9. Dirty John
A six-part true-crime story narrated by the Pulitzer-nominated investigative journalist Christopher Goffard of the Los Angeles Times, Dirty John was perhaps this year’s second most talked about podcast, after S-Town. Part cautionary tale, part horror story, Dirty John centres around a well-to-do family and their relationship to the show’s namesake: a con man who leeches off wealthy women. It’s a chilling story that brings to life the many uncertainties and unique challenges of modern living and the ways we find love. It also throws into sharp relief how an overconfident man, inflated by blind ego and unchallenged authority, can wreck the lives of naive individuals. The show could have, however, benefited from a more linear structure and stricter editing, also losing some of its power to a silly background score.
8. Steal the Stars
In a year that saw everyone and their grandmother making an audio drama, Steal the Stars brought much happiness in the second half of 2017. A romantic drama disguised as science fiction, Steal the Stars is the story of two government officials working on a top-secret, off-the-books research laboratory. They have been instructed in no uncertain terms that the four-letter word starting with L is strictly forbidden between co-workers, but end up falling in exactly that. An alien gets stolen at some moment, and things spiral out of control until the show’s dizzying climax. We enjoyed the show for its smaller moments: the tenderness between two lovers who have an insurmountable obstacle in front of them, the irrational squabbles and the making up after. Presented by Gideon Media and Tor Labs, Steal the Stars is exactly the kind of story we’re looking to hear more of.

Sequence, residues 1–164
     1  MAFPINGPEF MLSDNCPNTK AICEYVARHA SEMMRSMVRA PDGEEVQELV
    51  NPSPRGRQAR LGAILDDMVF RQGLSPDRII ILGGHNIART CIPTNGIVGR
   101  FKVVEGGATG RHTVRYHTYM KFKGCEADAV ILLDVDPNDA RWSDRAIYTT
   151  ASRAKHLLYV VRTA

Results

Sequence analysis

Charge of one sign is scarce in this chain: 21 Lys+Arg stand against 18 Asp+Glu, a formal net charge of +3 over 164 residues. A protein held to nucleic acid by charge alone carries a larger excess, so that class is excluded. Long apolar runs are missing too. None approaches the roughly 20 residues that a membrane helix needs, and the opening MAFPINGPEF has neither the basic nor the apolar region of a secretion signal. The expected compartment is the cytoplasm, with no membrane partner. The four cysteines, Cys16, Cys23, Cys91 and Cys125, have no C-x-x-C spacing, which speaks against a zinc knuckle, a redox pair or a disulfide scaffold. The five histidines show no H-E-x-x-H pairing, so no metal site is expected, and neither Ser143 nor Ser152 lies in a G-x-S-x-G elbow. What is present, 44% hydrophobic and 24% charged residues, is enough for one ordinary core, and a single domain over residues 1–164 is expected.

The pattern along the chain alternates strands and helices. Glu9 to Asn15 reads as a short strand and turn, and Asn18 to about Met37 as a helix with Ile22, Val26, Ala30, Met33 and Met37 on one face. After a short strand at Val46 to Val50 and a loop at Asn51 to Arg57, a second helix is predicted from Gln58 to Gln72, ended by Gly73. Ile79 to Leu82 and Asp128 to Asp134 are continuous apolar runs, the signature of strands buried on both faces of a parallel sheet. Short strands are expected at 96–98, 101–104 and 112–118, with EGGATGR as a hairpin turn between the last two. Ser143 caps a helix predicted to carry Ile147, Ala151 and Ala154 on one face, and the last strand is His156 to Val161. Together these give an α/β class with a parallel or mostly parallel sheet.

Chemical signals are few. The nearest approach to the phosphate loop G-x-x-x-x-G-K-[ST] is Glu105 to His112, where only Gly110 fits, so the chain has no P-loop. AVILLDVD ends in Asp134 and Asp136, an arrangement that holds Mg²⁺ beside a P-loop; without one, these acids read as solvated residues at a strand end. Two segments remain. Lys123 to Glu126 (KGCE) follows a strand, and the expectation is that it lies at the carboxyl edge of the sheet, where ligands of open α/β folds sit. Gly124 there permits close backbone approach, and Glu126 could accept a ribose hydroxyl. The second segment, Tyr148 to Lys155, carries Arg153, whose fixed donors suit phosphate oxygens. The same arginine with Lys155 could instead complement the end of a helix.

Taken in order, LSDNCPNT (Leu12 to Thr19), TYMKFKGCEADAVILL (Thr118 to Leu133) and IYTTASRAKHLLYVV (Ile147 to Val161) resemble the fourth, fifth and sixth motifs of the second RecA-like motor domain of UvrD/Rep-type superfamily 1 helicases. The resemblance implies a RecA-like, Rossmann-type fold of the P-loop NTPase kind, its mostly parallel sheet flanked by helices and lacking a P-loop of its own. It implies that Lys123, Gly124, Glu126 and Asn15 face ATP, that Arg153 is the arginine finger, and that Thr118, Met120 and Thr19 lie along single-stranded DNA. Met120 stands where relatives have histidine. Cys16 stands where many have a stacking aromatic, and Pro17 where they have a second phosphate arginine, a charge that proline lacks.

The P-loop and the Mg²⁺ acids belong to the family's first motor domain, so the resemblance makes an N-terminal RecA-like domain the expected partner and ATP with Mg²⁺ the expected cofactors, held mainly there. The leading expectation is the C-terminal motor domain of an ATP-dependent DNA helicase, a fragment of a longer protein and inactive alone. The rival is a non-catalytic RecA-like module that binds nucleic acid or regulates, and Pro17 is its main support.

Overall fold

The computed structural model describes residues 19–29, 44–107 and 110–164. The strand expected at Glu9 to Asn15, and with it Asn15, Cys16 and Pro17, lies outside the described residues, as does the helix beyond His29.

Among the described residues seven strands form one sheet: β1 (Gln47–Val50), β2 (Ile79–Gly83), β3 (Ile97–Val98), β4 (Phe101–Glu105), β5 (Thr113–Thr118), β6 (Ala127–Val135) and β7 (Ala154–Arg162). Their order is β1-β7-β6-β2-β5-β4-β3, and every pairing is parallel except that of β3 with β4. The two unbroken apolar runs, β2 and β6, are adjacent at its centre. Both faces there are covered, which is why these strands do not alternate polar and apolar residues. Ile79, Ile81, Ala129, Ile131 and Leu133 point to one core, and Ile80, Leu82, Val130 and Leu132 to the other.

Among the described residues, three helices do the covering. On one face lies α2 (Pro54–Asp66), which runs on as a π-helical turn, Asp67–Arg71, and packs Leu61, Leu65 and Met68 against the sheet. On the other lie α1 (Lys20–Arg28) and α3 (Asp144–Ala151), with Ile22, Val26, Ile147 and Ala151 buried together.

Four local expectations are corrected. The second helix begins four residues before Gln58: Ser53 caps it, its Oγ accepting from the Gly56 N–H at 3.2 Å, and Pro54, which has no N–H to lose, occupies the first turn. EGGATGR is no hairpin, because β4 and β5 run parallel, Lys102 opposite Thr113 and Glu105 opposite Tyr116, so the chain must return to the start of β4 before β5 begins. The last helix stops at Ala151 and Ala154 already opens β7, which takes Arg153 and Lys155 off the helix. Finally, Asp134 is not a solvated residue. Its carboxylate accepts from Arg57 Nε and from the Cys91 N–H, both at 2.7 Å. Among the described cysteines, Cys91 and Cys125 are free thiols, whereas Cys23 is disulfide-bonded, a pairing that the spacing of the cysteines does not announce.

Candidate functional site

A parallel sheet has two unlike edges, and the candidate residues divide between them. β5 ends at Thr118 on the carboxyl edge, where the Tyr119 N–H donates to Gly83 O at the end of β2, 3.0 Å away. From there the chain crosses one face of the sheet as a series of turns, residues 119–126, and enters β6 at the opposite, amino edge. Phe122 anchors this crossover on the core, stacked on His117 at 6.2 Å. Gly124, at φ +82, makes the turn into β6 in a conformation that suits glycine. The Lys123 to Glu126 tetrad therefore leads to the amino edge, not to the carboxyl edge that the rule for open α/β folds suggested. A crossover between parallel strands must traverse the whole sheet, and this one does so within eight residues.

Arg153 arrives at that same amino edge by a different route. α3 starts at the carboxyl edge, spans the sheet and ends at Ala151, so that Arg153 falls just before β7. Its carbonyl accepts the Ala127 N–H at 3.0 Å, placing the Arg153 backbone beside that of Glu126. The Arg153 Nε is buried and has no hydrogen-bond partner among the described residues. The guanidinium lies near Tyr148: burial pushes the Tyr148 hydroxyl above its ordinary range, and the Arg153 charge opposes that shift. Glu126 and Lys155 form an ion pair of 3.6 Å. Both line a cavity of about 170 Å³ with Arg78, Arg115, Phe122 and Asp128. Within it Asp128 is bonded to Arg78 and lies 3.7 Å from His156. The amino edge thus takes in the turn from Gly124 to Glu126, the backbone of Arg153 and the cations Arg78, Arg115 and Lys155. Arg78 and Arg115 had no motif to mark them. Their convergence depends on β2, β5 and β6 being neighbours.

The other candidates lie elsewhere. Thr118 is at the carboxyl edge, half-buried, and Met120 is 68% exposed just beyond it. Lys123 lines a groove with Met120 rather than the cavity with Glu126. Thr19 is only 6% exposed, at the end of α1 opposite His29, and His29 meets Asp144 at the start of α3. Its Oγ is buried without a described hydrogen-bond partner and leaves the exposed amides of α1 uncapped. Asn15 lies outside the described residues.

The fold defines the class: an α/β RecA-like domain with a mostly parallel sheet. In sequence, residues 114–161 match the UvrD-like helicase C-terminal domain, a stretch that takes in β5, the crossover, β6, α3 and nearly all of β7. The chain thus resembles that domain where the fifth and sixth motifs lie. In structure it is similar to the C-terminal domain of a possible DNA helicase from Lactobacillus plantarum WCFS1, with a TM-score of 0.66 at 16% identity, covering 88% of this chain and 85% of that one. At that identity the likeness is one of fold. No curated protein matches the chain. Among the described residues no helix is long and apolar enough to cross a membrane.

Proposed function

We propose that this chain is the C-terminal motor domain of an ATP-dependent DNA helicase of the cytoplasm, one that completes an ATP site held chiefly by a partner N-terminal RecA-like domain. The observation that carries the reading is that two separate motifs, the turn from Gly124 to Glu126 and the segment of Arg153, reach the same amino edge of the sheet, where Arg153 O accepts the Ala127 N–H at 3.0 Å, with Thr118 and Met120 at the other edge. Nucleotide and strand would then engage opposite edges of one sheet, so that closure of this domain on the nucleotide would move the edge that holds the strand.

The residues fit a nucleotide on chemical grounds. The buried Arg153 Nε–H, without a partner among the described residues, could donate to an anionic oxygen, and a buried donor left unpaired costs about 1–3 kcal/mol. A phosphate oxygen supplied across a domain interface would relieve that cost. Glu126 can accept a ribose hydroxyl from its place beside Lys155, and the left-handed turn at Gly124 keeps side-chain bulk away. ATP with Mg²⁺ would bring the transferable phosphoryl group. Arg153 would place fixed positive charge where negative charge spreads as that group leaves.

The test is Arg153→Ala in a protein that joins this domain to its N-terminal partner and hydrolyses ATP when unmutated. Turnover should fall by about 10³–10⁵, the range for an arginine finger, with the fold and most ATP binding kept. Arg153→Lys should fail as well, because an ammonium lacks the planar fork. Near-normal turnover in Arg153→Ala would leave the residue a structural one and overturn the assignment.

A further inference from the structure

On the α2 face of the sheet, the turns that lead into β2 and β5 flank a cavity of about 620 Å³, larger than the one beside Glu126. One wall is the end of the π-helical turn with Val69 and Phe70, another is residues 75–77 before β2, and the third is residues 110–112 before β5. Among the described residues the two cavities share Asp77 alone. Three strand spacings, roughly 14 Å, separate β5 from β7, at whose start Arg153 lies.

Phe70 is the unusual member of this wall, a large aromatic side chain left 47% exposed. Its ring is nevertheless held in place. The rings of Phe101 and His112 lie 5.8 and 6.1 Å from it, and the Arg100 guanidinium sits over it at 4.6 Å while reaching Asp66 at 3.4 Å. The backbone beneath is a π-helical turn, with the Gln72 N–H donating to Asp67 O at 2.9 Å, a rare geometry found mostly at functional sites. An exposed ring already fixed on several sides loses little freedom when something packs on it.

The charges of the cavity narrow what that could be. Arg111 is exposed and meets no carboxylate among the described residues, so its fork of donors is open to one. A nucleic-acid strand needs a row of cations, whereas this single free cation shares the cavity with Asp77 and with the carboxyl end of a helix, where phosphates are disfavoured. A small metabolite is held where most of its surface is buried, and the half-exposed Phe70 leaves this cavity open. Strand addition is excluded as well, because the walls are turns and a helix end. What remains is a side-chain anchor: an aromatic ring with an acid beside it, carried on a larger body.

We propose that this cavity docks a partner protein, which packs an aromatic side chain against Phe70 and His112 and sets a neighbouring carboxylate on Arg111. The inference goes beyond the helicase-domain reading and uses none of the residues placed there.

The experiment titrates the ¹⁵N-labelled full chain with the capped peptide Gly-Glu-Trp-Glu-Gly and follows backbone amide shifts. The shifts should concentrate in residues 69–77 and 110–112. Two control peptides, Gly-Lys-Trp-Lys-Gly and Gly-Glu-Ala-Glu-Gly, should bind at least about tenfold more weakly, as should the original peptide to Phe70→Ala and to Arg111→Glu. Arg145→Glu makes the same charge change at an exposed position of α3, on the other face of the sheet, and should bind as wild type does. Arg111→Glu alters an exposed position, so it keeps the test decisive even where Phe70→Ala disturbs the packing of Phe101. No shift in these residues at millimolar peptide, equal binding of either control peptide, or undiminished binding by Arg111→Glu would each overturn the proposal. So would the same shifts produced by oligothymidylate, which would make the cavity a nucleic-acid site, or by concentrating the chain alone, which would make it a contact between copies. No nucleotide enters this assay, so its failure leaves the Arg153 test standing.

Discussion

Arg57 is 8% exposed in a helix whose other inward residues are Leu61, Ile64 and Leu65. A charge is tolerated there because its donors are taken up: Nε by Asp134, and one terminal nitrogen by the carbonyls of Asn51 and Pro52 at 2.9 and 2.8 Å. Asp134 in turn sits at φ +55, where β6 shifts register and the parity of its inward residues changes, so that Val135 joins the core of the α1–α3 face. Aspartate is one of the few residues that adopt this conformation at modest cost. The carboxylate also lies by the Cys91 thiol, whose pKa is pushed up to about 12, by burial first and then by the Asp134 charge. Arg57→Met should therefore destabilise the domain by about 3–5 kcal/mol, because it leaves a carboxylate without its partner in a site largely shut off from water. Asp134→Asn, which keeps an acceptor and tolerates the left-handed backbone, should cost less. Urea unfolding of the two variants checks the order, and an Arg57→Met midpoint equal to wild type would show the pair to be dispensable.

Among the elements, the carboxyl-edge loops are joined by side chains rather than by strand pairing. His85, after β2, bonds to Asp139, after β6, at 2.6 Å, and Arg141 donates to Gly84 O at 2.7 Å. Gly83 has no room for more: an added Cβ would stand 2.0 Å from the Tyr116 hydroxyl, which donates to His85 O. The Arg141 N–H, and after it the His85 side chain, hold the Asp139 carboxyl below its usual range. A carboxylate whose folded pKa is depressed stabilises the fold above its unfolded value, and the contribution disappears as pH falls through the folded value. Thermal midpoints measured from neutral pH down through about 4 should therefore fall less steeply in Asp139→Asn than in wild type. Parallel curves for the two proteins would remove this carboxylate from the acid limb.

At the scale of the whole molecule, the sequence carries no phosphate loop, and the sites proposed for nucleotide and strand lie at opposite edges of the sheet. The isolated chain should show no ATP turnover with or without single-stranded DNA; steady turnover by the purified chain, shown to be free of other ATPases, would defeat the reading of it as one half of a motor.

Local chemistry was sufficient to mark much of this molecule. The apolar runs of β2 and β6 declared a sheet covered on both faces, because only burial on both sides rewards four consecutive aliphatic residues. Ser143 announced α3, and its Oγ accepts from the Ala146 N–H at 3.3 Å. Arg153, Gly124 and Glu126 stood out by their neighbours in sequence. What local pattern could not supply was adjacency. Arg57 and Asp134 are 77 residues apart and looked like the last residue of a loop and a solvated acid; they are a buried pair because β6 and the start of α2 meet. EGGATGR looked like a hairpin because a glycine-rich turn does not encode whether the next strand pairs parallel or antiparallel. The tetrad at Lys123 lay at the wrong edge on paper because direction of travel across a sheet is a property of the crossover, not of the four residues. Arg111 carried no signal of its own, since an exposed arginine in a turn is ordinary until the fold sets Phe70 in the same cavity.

7. Under the Skin with Russel Brand
A show that shook me for its surprisingly insightful and rigorous introspection of what lies beneath or motivates human behaviour, creation and existence, Under the Skin also surprises because of its colourful host Russell Brand. Currently pursuing an MA in religion and politics, the actor-comedian perhaps reinstates the value of the education system; because in this podcast, we find a sombre, reflective and sharply intelligent man, in contrast to his earlier attention-seeking high jinx. Each episode asks a question or presents a statement or conundrum (‘Is Humanity Finished?’, ‘Science vs God’, ‘Is Trump Better for Black America than Barack Obama?’, ‘Gender Fluidity — Is it Time to Abandon All Labels’?), and then uses a Q&A model with the help of a guest academic or field professional to unspool these questions and ideas. It’s an enriching listen, and a vastly entertaining one at that.
The most excellent road trip companion to have been found this year: Homecoming is a psychological thriller that dropped its second season this summer. Starring Oscar Isaac, David Schwimmer and Catherine Keener, Homecoming unravels into deeper and darker mysteries, tightly written to keep the listener hooked at every moment. Unfolding in the confines of a soldier rehabilitation programme, the audio drama explores the many forms memories can take and the cost of repressing painful incidents. There’s also a TV show starring Julia Roberts, Bobby Cannavale and Stephan James in the making.
5. LeVar Burton Reads